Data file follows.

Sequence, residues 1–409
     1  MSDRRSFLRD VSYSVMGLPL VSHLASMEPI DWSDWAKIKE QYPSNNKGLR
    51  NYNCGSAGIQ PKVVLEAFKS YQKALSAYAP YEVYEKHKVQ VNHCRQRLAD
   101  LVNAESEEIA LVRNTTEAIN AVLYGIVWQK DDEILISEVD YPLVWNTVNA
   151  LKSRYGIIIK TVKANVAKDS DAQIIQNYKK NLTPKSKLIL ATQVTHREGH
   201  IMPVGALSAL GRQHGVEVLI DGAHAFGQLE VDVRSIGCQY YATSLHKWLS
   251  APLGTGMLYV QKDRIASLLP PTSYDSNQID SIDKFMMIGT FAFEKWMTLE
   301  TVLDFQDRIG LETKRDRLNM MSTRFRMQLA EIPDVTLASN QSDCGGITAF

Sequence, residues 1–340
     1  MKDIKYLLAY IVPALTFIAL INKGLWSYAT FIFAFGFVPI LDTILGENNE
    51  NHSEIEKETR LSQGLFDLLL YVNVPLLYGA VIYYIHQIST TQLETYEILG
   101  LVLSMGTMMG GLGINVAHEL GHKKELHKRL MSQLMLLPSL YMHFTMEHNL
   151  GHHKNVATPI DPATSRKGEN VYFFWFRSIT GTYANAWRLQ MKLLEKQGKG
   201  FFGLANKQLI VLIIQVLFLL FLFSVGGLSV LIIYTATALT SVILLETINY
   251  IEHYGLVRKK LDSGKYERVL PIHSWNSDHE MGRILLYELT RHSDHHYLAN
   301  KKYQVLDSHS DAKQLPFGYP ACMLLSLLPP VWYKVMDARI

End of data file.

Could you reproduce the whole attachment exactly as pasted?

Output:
Sequence, residues 1–409
     1  MSDRRSFLRD VSYSVMGLPL VSHLASMEPI DWSDWAKIKE QYPSNNKGLR
    51  NYNCGSAGIQ PKVVLEAFKS YQKALSAYAP YEVYEKHKVQ VNHCRQRLAD
   101  LVNAESEEIA LVRNTTEAIN AVLYGIVWQK DDEILISEVD YPLVWNTVNA
   151  LKSRYGIIIK TVKANVAKDS DAQIIQNYKK NLTPKSKLIL ATQVTHREGH
   201  IMPVGALSAL GRQHGVEVLI DGAHAFGQLE VDVRSIGCQY YATSLHKWLS
   251  APLGTGMLYV QKDRIASLLP PTSYDSNQID SIDKFMMIGT FAFEKWMTLE
   301  TVLDFQDRIG LETKRDRLNM MSTRFRMQLA EIPDVTLASN QSDCGGITAF

Sequence, residues 1–340
     1  MKDIKYLLAY IVPALTFIAL INKGLWSYAT FIFAFGFVPI LDTILGENNE
    51  NHSEIEKETR LSQGLFDLLL YVNVPLLYGA VIYYIHQIST TQLETYEILG
   101  LVLSMGTMMG GLGINVAHEL GHKKELHKRL MSQLMLLPSL YMHFTMEHNL
   151  GHHKNVATPI DPATSRKGEN VYFFWFRSIT GTYANAWRLQ MKLLEKQGKG
   201  FFGLANKQLI VLIIQVLFLL FLFSVGGLSV LIIYTATALT SVILLETINY
   251  IEHYGLVRKK LDSGKYERVL PIHSWNSDHE MGRILLYELT RHSDHHYLAN
   301  KKYQVLDSHS DAKQLPFGYP ACMLLSLLPP VWYKVMDARI